It’s the simple things that can boost your wellbeing.
You don’t need to spend a lot of money or time to look after your wellbeing. Even simple, little changes can be incrementally effective. To reap the rewards, the key is to make them a part of your daily routine. Here are five suggestions.
Recent studies show that sitting for hours on end is literally killing us. Consider becoming conscious of how much you move in a day, and if it’s not enough, add to it. For example, take the stairs instead of the escalator or lift; park your car a little further or walk to the next bus stop; garden, cook, walk the dog or declutter instead of watching TV; pace while on the phone; or get up to stretch for a couple of minutes after every hour of sitting.
Find out more at ScienceDaily.
Some wise person once said, “Laughter is the best medicine.” Even though there is a study to prove it, you already know how glorious you feel when you laugh, right? Why not try hanging out with funny people more often, and watching short, funny video clips and sitcoms?
Read more at The Huffington Post.
3. Eat mindfully
Do you eat on the run or while watching TV? Unfortunately, eating while distracted can make us consume more than we need. Not too great for the waist, is it? One way to change this modern-day habit is to eat at the dining table a few nights of the week without any diversions – which means no devices either. Try slowing down and paying attention to the tastes, aromas and textures of your food. By doing this you may notice a difference in the amount you eat as well.
Harvard Health Publications has more.
Are you rushing around on autopilot? This can make the breath shallow, which is indicative of high stress levels. Breathing deeply and fully can impart a sense of calm. See if you can carve out five minutes in between activities to notice your mood and breath, and give yourself time to recollect. Consider it a mini meditation. Why not take your breather outside, in nature? Or simply close your eyes and breathe for a few minutes.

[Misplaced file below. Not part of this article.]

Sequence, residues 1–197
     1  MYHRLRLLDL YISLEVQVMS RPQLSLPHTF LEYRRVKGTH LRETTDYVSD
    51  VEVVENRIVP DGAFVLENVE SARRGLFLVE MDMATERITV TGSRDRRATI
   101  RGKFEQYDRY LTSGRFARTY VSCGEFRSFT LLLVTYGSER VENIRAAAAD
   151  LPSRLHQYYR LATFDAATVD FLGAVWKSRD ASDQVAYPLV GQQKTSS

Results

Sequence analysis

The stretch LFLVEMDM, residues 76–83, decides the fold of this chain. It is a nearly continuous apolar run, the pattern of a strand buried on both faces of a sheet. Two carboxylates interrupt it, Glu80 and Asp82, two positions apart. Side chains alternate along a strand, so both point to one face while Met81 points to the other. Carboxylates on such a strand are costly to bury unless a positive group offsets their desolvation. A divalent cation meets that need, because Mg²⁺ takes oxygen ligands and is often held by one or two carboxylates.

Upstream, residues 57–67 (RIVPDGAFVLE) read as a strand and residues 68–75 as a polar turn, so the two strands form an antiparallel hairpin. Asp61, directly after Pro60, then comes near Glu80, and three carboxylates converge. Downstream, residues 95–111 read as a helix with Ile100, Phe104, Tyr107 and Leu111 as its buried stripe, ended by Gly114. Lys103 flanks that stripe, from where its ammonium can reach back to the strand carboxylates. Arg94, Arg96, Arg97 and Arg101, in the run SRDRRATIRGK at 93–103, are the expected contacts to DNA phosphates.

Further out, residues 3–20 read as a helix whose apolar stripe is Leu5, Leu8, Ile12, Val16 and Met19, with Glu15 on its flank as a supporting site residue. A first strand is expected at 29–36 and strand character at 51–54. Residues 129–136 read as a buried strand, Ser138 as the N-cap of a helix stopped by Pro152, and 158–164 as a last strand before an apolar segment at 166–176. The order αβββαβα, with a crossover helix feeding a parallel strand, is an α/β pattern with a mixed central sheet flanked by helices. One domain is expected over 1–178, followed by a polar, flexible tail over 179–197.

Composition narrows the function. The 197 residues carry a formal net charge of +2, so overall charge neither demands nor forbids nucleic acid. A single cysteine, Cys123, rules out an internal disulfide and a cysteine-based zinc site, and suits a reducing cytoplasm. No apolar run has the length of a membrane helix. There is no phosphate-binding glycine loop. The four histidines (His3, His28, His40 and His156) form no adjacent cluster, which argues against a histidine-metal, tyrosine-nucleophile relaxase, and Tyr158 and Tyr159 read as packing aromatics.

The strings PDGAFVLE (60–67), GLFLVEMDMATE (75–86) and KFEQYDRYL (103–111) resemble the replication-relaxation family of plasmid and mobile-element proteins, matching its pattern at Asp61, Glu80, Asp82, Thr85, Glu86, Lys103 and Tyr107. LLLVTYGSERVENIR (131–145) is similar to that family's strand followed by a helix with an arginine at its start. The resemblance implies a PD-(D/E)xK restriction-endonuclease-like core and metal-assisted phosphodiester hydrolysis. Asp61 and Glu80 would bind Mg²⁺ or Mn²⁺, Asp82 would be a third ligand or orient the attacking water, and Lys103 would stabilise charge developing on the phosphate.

Additional tips at The American Institute of Stress.
Understandably, it can be easy to get caught up in the things that go wrong each day. This can have a negative impact on the rest of your day if a bad mood sets in. Instead, try reflecting on one good thing which happened in the day. If it helps, you may also wish to keep a daily gratitude journal to note down anything for which you’re grateful. It doesn’t need to be long or onerous – even one sentence will do – and can have a positive effect on your psyche.
The New York Times shares more.
What simple things do you do daily to look after your health? Will you add any of the above suggestions to your day?
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